With outfits like Google and Salesforce jumping onto the Living Building Challenge this is a green building growth phenomenon. In a signal it wants to be a regional leader in this fast-growing space, global engineering and development consultancy, Mott MacDonald, has hired someone from the very top of her field to be its first-ever head of regenerative design for the Asia Pacific region.
Mott MacDonald, the UK-headquartered consultancy, which is one of the largest employee-owned companies in the world, hasn’t hired just anyone for its tilt in this exciting emerging space. It’s secured Amanda Sturgeon, the former chief executive officer of the International Living Future Institute (ILFI), which is responsible for the Living Buildings Challenge.
Representing the platinum level of all green building standards (although the program has now expanded to include products, food and more), buildings that pass muster must generate more renewable energy than they use; capture and treat their own water; incorporate non-toxic, locally and appropriately sourced materials; and operate efficiently, equitably and beautifully.
Sturgeon told The Fifth Estate that in her former position, she was responsible for scaling the tool from small, off-grid homes to bigger projects, with the Brickworks shopping centre in Melbourne and the Sustainable Buildings Research Centre at the University of Wollongong evidence of her progress towards this goal.
She also oversaw the release of the volume program offered by the ILFI, which is designed to bring more building types into the Living Buildings fold. This saw dozens of companies signing up to zero carbon buildings, including big companies like Google and Salesforce.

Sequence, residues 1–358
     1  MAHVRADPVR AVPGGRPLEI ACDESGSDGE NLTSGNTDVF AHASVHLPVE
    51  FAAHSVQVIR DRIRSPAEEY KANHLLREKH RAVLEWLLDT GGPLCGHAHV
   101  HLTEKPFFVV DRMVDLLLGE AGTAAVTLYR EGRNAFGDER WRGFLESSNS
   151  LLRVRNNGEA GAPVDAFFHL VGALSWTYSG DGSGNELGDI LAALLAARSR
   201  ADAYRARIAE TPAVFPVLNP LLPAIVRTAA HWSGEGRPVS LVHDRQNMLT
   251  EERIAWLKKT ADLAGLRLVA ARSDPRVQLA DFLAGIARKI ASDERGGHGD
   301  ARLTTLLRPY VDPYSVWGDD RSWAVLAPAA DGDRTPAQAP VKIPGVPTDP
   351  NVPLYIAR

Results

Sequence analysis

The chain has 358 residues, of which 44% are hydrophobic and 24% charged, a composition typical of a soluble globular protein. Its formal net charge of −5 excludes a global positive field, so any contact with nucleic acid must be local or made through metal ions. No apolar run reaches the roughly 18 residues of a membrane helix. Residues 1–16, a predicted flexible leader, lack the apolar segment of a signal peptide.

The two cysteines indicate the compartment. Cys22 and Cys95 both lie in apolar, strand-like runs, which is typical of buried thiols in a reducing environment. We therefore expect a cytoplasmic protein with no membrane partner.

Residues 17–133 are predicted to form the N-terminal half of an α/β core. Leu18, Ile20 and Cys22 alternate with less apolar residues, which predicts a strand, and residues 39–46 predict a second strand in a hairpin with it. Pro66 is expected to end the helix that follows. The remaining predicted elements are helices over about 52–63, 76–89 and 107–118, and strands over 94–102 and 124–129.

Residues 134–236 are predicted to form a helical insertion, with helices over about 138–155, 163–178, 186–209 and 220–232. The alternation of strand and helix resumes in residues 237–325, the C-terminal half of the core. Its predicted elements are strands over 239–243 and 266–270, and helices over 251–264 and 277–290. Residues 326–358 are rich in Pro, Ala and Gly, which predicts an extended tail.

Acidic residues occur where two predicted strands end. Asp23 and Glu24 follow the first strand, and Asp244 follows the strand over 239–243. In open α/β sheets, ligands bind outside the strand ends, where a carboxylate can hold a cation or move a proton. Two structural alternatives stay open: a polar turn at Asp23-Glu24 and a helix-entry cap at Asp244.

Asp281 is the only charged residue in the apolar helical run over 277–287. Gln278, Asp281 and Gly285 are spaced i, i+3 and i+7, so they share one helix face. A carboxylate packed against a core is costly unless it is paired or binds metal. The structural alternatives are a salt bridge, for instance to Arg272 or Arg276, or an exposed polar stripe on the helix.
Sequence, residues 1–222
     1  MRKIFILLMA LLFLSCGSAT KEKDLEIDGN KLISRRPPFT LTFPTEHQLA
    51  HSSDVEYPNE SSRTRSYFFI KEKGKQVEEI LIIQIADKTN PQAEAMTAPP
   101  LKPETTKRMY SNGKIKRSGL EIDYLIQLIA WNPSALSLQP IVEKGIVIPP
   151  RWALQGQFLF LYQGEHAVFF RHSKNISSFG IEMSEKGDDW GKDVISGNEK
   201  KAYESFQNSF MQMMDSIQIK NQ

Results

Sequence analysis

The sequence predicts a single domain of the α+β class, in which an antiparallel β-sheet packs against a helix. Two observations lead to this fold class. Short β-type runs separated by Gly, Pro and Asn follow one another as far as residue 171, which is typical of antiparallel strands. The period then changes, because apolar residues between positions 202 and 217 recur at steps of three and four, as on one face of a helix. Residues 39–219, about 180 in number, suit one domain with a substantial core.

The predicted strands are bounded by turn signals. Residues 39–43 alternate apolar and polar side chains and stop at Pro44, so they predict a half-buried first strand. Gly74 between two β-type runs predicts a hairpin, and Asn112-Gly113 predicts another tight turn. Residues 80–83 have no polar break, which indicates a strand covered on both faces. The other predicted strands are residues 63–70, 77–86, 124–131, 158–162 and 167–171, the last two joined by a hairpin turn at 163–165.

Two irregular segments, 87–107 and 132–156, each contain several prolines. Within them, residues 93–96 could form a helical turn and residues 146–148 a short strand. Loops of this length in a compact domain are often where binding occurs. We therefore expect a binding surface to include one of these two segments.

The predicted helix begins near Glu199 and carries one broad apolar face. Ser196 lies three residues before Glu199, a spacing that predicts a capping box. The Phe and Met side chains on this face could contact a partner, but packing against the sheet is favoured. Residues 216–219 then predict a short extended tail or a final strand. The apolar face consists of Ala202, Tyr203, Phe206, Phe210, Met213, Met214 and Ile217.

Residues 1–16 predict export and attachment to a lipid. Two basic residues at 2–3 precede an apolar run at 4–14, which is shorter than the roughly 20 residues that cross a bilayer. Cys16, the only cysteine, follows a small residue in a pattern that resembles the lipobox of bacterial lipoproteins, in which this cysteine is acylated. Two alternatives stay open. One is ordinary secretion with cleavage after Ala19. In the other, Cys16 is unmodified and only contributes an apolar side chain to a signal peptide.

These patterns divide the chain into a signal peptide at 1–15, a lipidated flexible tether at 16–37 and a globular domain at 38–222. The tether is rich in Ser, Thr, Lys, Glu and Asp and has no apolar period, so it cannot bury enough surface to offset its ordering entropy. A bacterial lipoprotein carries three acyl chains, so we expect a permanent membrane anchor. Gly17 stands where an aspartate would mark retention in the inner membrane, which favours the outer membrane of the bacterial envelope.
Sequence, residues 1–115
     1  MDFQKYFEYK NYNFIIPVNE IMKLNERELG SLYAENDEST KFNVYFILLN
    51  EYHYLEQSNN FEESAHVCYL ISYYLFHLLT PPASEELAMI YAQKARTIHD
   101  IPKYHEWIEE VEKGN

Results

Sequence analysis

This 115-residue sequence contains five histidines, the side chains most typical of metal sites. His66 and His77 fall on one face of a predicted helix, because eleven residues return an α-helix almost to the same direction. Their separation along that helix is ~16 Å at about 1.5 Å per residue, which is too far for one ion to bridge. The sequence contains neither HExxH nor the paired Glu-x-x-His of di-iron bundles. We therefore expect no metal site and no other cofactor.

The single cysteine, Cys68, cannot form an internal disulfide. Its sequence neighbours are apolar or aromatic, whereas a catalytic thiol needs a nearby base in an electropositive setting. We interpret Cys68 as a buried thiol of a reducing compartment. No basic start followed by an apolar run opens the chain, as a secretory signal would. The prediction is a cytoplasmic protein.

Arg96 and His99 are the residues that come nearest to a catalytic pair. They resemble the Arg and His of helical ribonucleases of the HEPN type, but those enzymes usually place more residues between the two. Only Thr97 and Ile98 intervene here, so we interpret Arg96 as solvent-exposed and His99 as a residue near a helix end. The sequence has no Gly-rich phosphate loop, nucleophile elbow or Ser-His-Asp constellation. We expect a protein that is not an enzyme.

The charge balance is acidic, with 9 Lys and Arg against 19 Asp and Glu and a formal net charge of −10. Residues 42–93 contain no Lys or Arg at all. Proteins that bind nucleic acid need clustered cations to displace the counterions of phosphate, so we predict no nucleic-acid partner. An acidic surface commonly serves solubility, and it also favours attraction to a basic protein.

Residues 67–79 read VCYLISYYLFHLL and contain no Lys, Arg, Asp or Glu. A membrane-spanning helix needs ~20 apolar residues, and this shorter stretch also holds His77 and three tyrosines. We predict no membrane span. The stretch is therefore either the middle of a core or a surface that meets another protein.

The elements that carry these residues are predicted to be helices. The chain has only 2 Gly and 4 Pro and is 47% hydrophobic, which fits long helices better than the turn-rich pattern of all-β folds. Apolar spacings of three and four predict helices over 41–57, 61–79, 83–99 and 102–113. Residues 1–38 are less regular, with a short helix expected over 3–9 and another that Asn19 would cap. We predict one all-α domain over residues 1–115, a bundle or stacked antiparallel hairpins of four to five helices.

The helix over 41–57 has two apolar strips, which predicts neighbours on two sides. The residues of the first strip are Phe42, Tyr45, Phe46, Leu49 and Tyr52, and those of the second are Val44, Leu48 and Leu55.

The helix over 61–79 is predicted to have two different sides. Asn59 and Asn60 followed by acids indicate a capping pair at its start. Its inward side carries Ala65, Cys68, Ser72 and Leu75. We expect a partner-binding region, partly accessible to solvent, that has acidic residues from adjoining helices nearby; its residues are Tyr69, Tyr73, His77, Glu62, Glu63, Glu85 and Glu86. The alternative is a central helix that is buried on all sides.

After that project, Sturgeon felt the tug back to practice where she hopes to get “back in touch with the levers are you can pull to scale something like Living Building.”
She says she was also attracted to the idea of bringing her expertise in regenerative and biophilic design to projects on the scale that Mott MacDonald work on, and working with the experienced and diverse sustainability teams at the firm that sit in each sector.
The return to Australia from the US also held some appeal for Sturgeon, who has also wanted to return to the country.
The position was titled accordingly so that Sturgeon’s work would cover more than climate change and environment but also social outcomes, equity and more.
“It’s really about design that gives back to people and the planet and doesn’t just make things a little less bad, but looks at a vision of giving back and a vision of restoring and recovering.”
Sturgeon says that the engineering firm has been particularly active on climate and sustainability in Europe and now wants to show strong leadership in the Asia Pacific region.